Interdisciplinary Opportunities

The Mathematics department provides basic mathematical and statistical training for students in the social, biological, and physical sciences. Proficiency in mathematics and/or computer science is required for a Bachelor of Science degree at the university.

Several departments—including biology, chemistry, business, economics, physics, and computer and information science—require mathematics and statistics courses as a part of their curricula. Coursework in the anthropology, sociology, and psychology departments often require statistical analysis. Students and scholars working in these fields use math skills to calculate percentages, and to compute and analyze data.

Students majoring in mathematics find their studies highly compatible with physics, economics, and computer science. Majors fulfilling the applied mathematics option are learning how to use math as a tool to comprehend phenomena in other disciplines. Other students compliment their math studies with courses in education and architecture.

Student Work

Students are routinely surprised by the beauty and breadth of application of the mathematics they learn at the UO. Whether students enroll in math classes to fulfill a requirement, to pursue a major in math, or simply to explore the discipline, many students readily admit that mathematics is not the subject they assumed it to be.

Though he enjoyed his high school math classes, Alex Miller says he was first exposed to "real" mathematics in the honors calculus sequence. Miller, who is a junior majoring in mathematics, credits Professor Jon Brundan for changing his view about mathematics. "Professor Brundan really knew how to turn the conventional high school conception of mathematics and calculus on its head."

Andrew Reiser, a student in the UO's Robert D. Clark Honors College, is majoring in math. "I’ve been interested in figuring out how things work and solving problems" from a young age, he says, "and math is a big part of those experiences." Reiser says that the UO’s mathematics department has presented him "with a deeper and more detailed picture of the subject." That knowledge came in handy when he took part in the annual Putnam Competition, an undergraduate math exam in which he scored in the top 25 percent in the nation.

As early as elementary school, Hayley Belli knew she wanted to make math a part of her future. "I love the subject because it is straightforward," she says. "Answers are either right or wrong." Belli has taken full advantage of the research and scholarship opportunities at the UO. She has participated in two mathematical summer Research Experience for Undergraduates (REUs), conducting research at universitites across the nation. She has presented her research at other universities, was selected as the UO nominee for the Goldwater Scholarship, and was awarded a UO Undergraduate Research Fellowship.

Colin Grundzien, a senior double majoring in mathematics and history, says that he originally shied away from studying math in college, believing the subject was limited to the study of arithmetic. He now knows that his previous understanding of the subject was a bit shortsighted and lauds mathematics for possessing a unique structure and elegance. Grundzien says that the skill most developed and challenged as a mathematics major is logic.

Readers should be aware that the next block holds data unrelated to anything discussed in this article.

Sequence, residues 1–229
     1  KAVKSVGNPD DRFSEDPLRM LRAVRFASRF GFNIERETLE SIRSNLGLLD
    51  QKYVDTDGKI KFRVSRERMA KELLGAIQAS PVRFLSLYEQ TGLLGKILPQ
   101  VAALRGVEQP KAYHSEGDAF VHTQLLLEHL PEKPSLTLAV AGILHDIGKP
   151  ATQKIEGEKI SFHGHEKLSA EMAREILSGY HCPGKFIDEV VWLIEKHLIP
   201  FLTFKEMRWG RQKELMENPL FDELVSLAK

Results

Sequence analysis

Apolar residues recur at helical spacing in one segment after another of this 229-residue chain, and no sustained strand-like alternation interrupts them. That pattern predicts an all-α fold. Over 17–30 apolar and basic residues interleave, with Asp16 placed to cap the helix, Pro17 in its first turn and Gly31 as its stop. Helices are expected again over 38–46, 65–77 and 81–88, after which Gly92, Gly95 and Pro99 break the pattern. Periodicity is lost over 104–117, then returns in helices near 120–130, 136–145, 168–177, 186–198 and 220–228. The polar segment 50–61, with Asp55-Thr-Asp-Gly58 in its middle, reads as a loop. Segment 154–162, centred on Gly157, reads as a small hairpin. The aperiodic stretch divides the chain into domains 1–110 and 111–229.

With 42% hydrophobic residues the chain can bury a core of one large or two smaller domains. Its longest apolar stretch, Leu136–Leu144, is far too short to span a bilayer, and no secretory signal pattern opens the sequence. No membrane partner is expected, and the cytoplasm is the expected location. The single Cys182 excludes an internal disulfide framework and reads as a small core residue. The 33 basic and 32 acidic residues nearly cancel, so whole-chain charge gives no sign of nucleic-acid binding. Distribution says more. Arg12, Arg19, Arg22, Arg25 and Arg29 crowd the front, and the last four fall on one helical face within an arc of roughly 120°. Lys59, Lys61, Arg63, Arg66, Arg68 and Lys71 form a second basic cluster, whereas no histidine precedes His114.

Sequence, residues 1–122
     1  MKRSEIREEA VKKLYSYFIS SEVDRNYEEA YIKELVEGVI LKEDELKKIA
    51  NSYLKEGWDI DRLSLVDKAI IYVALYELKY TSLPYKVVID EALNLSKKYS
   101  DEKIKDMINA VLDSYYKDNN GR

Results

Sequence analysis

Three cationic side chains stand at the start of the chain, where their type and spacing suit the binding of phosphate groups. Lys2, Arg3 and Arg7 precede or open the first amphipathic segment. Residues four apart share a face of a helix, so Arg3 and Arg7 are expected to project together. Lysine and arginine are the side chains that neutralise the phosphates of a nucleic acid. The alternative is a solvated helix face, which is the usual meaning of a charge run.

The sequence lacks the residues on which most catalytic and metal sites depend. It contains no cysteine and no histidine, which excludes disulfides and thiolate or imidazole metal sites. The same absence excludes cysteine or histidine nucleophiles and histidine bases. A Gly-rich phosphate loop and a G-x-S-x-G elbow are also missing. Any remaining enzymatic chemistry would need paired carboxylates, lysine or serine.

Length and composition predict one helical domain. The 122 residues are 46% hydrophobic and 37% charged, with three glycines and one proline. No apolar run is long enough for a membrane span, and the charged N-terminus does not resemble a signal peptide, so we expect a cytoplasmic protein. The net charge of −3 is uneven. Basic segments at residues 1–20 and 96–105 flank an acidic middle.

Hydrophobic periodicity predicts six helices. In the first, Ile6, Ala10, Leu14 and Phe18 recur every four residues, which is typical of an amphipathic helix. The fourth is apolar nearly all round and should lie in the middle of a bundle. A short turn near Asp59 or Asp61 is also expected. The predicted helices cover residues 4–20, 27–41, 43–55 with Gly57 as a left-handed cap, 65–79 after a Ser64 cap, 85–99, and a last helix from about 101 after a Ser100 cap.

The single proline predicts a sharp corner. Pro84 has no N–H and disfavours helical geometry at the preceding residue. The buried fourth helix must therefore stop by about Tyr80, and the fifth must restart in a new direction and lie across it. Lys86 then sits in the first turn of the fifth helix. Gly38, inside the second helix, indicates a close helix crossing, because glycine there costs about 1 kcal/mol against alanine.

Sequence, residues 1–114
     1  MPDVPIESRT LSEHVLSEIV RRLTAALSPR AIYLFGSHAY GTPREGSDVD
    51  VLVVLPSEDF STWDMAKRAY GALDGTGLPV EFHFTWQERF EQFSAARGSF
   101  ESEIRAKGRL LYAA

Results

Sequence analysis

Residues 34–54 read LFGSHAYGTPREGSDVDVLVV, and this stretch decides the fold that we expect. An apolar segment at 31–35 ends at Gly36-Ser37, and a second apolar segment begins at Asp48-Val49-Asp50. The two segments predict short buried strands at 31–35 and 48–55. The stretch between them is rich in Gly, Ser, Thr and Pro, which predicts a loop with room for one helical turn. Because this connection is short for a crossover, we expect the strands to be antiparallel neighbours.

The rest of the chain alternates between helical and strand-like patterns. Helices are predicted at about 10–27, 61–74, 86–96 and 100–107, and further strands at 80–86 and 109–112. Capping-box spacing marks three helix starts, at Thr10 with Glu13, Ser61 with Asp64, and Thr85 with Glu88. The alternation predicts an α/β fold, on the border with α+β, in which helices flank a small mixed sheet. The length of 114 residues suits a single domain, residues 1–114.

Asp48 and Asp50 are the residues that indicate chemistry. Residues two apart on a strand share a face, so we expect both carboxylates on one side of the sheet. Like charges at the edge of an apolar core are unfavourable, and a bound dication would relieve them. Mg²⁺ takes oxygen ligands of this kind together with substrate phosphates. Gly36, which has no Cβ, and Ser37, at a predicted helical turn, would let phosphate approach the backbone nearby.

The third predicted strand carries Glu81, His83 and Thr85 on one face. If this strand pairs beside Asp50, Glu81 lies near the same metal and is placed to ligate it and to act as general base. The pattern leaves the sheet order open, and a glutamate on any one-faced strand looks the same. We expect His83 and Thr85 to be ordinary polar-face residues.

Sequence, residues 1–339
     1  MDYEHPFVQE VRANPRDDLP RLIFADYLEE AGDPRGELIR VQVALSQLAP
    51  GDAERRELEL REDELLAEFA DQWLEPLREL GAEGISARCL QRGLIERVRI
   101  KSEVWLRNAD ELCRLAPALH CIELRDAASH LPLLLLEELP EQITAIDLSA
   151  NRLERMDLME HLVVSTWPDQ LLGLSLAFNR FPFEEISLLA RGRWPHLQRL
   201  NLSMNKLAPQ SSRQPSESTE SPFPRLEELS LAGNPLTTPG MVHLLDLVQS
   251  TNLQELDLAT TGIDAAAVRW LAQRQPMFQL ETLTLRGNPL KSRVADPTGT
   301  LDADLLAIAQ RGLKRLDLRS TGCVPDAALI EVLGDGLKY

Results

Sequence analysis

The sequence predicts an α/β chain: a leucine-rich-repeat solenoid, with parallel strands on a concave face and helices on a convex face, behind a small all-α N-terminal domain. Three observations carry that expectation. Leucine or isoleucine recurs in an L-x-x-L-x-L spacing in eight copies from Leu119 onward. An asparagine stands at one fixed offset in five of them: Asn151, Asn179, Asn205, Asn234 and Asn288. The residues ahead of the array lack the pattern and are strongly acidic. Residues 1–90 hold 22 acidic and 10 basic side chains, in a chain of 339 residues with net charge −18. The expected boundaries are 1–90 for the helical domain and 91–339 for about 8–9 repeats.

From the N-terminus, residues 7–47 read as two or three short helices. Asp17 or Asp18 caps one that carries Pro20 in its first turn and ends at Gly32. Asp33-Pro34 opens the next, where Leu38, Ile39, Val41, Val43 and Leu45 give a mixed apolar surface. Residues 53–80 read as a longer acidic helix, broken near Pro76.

Selected Faculty Work

Professor James Isenberg works in partial differential equations and differential geometry, with emphasis on applications in physics. He focuses on solutions of Einstein’s equations of general relativity and the relationships (via heat flows) between topology and geometry.

Associate Professor Hal Sadofsky, head of the mathematics department, teaches algebraic topology and honors calculus. He does research in algebraic topology, specifically in the study of stable homotopy theory. This is an area which uses tools from abstract algebra to study properties of continuous functions and of topological spaces.

Associate Professor Dev Sinha, director of graduate studies, teaches courses including Introduction to Proof, Topology, and advanced calculus. His teaching interests and practices include creating context to facilitate abstract reasoning, presenting outlines to help students organize what they learn, "putting problems first" in teaching proofs, and giving frequent small assignments to foster independence in advanced courses. His research interests lie at the interface of algebraic and geometric topology.

Associate Professor Arkady Vaintrob, director of undergraduate studies, teaches courses on abstract algebra and topology and runs the problem-solving seminar for students interested in challenging problems. His research interests are in the areas of algebra and geometry related to physics (such as string theory).

Professor Marie Vitulli’s work encompasses areas of algebraic geometry and commutative algebra. She teaches classes in linear and abstract algebra, and in calculus. Vitulli is the director of the Women in Math project, a collection of publications about gender and mathematics.

Career Opportunities

Mathematics has applications in almost every professional field. You apply your math course work in accounting, computer software, business, and finance. Math skills are exercised in architecture and other fields of design. You might become a much-needed mathematics teacher, passing on valuable knowledge to young students, or decide to explore theoretical and abstract concepts through a master’s or doctoral program.

Department of Mathematics

Contact Information
(541) 346-4705
(541) 346-0987 fax